M.A. in Special Education
Interdisciplinary and Inclusive Education
College of Education
Kuder, S. Jay
Language disorders in adolescence; Teenagers with mental disabilities--Education
Special Education and Teaching
The purpose of this study was to determine if persons with moderate mental retardation, who have poor verbal skills, can improve the length of verbalizations through the use of a simple augmentative communication device.
Through a three-part study using an experimenter made pretest and posttest, the effectiveness of treatment could be determined, The study included two fifteen-year-old males with Down's Syndrome from a private school for the handicapped. Both subjects had significant difficulty with speech production and showed great weakness in the area of independently requesting services during community-based instruction. Baseline data was collected in the classroom setting. Each subject used a portable augmentative communication device with two preprogrammed messages during CBI outings. After simulated classroom instruction, the students were placed in the field and were to approach the worker, press the desired icon, listen to the message. then repeat the simple phrase. Data was collected over a ten-week period, where each word verbalized was recorded, the mean length of utterances was established and percentage of improvement was determined after removal of AAC device using posttest.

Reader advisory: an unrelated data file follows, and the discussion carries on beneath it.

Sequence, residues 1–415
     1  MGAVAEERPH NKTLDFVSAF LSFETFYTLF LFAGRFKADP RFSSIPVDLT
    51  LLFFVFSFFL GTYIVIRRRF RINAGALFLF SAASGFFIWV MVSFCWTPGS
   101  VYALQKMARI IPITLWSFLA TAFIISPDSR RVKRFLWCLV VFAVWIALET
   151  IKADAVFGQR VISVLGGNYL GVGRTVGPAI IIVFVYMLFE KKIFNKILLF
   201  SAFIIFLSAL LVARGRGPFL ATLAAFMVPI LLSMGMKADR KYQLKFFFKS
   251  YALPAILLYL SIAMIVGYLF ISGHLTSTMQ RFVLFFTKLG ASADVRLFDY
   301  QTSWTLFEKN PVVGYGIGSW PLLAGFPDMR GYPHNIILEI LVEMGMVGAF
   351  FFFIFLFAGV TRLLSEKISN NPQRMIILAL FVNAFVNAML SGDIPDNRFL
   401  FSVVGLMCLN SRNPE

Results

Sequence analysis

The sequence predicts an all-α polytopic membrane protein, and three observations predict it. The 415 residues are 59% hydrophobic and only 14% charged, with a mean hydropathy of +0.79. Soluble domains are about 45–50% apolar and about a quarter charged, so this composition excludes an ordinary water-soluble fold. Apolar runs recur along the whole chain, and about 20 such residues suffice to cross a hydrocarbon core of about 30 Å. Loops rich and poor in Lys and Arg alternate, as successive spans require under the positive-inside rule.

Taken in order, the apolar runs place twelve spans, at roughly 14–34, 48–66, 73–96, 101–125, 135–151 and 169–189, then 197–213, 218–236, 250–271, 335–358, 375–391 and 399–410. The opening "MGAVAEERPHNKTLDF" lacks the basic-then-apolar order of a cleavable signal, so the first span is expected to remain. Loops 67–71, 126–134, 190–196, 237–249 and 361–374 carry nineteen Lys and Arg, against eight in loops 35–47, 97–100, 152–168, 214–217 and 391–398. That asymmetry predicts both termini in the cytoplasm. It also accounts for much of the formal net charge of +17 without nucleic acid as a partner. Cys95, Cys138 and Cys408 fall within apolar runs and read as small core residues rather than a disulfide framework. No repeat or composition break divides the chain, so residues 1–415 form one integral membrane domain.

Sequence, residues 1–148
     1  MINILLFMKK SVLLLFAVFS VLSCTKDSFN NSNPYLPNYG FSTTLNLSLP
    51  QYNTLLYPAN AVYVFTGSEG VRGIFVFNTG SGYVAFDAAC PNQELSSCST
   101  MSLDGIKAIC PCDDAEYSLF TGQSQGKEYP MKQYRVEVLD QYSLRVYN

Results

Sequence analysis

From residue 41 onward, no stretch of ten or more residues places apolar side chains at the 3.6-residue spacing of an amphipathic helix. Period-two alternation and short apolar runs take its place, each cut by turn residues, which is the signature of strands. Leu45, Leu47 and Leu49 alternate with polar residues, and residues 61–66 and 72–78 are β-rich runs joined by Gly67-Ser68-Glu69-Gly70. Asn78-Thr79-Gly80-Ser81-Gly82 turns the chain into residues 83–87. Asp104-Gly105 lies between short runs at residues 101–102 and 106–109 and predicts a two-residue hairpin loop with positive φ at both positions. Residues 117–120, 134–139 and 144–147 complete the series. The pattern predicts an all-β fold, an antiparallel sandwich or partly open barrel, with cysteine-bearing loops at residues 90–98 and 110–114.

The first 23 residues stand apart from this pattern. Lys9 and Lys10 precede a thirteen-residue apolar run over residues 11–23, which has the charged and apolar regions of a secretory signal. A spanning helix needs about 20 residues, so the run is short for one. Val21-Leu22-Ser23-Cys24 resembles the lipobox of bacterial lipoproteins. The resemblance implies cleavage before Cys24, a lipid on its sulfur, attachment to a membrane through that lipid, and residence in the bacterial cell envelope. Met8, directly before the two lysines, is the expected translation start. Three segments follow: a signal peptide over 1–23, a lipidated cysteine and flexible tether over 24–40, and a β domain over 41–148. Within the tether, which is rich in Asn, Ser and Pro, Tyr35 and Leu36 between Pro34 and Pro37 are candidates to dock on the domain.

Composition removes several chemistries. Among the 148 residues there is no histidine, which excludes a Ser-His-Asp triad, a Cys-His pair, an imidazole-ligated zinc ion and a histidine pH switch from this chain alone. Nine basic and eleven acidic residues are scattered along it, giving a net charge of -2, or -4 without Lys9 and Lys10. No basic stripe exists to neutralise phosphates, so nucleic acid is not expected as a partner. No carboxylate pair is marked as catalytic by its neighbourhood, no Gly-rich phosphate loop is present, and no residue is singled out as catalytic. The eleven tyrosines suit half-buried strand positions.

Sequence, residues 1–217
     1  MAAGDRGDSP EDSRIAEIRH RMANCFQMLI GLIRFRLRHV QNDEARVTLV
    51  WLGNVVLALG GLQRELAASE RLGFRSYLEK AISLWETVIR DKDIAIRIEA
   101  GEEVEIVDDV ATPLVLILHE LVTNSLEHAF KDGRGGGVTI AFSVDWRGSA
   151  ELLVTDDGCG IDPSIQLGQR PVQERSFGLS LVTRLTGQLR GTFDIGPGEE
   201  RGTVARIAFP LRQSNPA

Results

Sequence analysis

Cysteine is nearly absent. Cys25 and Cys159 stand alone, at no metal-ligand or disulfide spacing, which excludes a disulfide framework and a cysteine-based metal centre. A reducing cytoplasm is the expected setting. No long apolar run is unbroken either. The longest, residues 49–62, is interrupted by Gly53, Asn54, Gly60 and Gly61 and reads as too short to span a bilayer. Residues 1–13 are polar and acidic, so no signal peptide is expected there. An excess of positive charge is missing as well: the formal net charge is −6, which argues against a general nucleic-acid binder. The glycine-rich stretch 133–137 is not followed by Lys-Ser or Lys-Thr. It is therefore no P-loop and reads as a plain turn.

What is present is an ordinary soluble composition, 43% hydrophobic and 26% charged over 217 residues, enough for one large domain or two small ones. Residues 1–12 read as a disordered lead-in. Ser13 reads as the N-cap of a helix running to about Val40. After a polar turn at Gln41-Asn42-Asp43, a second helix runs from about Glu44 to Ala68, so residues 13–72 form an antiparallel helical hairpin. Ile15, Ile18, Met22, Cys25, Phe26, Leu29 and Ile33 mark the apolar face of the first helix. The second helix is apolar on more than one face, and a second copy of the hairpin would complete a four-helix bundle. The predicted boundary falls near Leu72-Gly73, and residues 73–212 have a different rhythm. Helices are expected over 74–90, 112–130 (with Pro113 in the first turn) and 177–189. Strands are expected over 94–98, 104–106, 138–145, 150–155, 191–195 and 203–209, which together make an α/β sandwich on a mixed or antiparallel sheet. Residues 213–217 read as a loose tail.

The results suggest that by using a simple AAC device as a tool to lengthen verbalizations showed an increased improvement between 66%-70%.
Gaidis, Marydee, "The enhancement of verbalization skills of teenagers with moderate mental retardation through augmentative communication intervention" (1997). Theses and Dissertations. 2067.